One of the few things that most politicians in this country seem to agree on is that generic drugs are terrific and we should have more of them. FDA Commissioner Scott Gottlieb released a statement this week: “A robust pathway for generic competition is critical to expanding drug access and promoting public health.” Senator Elizabeth Warren is so committed to the idea that she is proposing that the U.S. government should start manufacturing generics.
It is easy to see why people like generic pharmaceuticals: they are cheap. When the patent on a typical drug expires, competitors rush to the market with identical products and prices, not surprisingly, fall. Pfizer’s atorvastatin (Lipitor), for example, lost patent protection in 2011 and is now available for only a few cents per pill.
Generic drugs make up 89% of total prescriptions in the U.S. but account for only 26% of pharmaceutical spending.
One way to reduce healthcare costs, it seems, is to simply expand generics.
Unfortunately, generics drugs are not the easy solution that they seem to be. Even if you set aside the question of innovation and incentives, the world of generic drugs is troubled.
The core problem with generic drugs is that they generate little profit. In the U.S. market, pharmacies are allowed to quickly move from one generic manufacturer to the next. If a company making generic methylphenidate (Ritalin) raises the price a bit, pharmacies can switch to a different manufacturer and not inform the patient. The drug looks exactly the same, with the same packaging. This dynamic drives down prices and reduces profitability.
The problem is that when you reduce profitability you create all sorts of other problems. One issue is that companies don’t invest in capacity. A firm making a product with little profit won’t build new production facilities; it would not make financial sense. According to the FDA, the issue of drug shortages is getting worse. This is one of the reasons why Elizabeth Warren and others want the government to start manufacturing generics: companies trying to make a profit have no incentive.
Another issue is that firms don’t invest in patient support programs. Many drugs are complicated to take, often with challenging side-effects. Most pharma companies have robust patient support programs; if someone has a question about a particular drug, they can easily get in touch with a nurse or counselor. Some firms have apps and on-line monitoring systems, and personal connections with each patient. Generic manufacturers do not have these sorts of programs for the simple reason that there is no financial return. Why invest in a patient support program for a product with no profits?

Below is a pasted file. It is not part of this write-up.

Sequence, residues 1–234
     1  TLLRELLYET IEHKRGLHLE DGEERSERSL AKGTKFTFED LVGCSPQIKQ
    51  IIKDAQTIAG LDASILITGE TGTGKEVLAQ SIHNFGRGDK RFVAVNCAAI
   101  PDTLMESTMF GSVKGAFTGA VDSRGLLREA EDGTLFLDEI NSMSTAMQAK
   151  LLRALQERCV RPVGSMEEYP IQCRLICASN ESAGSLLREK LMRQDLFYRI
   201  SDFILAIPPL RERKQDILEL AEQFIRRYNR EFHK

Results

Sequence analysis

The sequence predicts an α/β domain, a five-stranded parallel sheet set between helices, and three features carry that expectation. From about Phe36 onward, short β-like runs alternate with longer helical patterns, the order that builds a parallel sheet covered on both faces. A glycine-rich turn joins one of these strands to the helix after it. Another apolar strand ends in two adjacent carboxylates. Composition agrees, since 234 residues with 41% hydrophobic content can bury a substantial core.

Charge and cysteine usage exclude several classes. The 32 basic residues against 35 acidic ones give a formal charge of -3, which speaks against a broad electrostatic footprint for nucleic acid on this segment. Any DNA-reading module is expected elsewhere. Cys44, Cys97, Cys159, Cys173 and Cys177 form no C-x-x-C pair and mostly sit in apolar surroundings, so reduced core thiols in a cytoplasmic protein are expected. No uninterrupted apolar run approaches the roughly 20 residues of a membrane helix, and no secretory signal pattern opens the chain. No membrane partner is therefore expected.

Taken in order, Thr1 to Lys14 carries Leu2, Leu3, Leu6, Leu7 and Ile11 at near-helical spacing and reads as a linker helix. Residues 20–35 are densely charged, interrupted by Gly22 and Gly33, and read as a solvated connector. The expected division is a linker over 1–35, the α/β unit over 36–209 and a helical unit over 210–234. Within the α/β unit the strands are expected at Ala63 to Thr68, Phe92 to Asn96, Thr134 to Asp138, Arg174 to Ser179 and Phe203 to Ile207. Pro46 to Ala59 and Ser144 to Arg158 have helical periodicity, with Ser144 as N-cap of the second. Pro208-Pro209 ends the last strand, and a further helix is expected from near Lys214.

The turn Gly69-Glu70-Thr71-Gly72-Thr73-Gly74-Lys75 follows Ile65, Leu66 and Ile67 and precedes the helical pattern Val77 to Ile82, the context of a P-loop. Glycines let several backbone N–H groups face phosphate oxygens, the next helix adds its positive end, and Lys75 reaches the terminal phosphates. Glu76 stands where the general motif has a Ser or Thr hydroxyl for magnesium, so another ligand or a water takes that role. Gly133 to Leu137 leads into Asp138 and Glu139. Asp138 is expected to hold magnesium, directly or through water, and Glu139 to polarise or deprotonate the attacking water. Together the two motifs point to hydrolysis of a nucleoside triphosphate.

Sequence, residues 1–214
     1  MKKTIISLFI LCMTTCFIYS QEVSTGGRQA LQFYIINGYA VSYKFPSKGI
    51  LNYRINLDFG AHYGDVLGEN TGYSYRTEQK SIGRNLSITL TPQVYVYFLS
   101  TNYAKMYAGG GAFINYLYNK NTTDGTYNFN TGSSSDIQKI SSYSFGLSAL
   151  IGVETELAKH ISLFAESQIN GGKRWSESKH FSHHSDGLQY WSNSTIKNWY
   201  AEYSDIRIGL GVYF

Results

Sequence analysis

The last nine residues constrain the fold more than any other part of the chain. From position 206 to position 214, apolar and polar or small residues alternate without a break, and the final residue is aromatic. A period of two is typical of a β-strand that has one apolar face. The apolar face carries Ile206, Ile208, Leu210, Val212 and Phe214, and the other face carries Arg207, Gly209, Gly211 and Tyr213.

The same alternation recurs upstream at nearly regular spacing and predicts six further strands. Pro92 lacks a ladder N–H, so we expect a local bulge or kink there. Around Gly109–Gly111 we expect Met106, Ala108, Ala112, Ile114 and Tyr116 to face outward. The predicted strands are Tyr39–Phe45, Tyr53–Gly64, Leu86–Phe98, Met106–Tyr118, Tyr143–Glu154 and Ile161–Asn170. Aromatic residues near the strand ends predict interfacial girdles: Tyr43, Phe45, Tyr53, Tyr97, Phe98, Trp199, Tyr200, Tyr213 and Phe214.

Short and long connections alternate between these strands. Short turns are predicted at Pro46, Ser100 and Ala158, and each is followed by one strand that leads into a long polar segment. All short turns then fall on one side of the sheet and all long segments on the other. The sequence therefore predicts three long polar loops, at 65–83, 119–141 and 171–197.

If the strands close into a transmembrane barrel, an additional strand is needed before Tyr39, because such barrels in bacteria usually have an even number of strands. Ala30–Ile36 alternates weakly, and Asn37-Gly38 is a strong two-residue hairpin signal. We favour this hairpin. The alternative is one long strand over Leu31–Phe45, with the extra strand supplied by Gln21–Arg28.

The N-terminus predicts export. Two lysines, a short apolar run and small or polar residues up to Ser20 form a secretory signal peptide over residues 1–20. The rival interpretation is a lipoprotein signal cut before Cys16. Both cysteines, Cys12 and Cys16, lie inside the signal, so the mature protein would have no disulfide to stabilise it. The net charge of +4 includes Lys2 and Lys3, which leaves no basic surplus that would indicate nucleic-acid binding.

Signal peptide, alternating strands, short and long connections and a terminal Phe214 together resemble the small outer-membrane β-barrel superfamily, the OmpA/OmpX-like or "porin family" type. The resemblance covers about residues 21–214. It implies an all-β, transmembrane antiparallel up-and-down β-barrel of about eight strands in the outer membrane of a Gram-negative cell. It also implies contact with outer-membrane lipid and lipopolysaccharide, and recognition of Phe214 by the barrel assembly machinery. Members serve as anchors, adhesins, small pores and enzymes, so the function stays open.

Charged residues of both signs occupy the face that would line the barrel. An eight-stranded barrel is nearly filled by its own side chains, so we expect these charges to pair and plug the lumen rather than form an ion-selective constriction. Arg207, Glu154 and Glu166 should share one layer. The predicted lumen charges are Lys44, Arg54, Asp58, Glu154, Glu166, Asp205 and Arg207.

Generic drug manufactures also don’t invest in marketing efforts, to patients or physicians. You don’t see ads for Prozac or Lipitor because there is no justification. There are no drug reps promoting simvastatin (Zocor) or alendronate (Fosamax). The result is that patients don’t request generic drugs, and physicians don’t always think of them.
Perhaps the most disturbing impact of generic drugs is that there are few clinical trials. A company isn’t going to invest in a $50 or $100 million clinical trial for a drug that has lost patent protection since there would be no possible way to recoup the investment. This is an enormous missed opportunity. Could Zoloft, Boniva, or Cymbalta have other uses? Perhaps. But we will never know.
The U.S. needs a new approach to generic pharmaceuticals. The high cost of new molecules gets considerable attention. Perhaps a more interesting question, however, is how best to manage older products and ensure that companies have an incentive to invest in them. Allowing companies to differentiate these products and build brands – as over-the-counter drugs like Tylenol do today – is one idea to consider.